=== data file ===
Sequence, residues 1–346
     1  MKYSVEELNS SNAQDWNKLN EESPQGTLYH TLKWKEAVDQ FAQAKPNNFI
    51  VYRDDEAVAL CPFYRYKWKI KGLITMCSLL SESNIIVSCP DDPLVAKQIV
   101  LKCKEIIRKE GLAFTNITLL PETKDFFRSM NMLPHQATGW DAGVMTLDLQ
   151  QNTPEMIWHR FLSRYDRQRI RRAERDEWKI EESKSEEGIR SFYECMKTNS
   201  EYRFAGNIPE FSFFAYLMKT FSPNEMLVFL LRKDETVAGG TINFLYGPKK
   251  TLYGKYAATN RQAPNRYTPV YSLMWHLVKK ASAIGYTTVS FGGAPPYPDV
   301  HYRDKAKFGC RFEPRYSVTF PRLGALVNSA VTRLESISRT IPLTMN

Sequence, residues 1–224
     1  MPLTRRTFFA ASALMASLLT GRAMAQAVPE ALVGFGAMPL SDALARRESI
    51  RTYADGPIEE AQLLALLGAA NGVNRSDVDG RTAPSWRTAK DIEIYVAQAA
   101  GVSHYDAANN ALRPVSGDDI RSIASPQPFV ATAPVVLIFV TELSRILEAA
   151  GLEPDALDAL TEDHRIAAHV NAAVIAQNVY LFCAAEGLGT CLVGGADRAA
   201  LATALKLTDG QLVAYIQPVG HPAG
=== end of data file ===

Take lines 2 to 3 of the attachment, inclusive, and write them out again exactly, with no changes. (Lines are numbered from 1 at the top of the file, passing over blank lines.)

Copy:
     1  MKYSVEELNS SNAQDWNKLN EESPQGTLYH TLKWKEAVDQ FAQAKPNNFI
    51  VYRDDEAVAL CPFYRYKWKI KGLITMCSLL SESNIIVSCP DDPLVAKQIV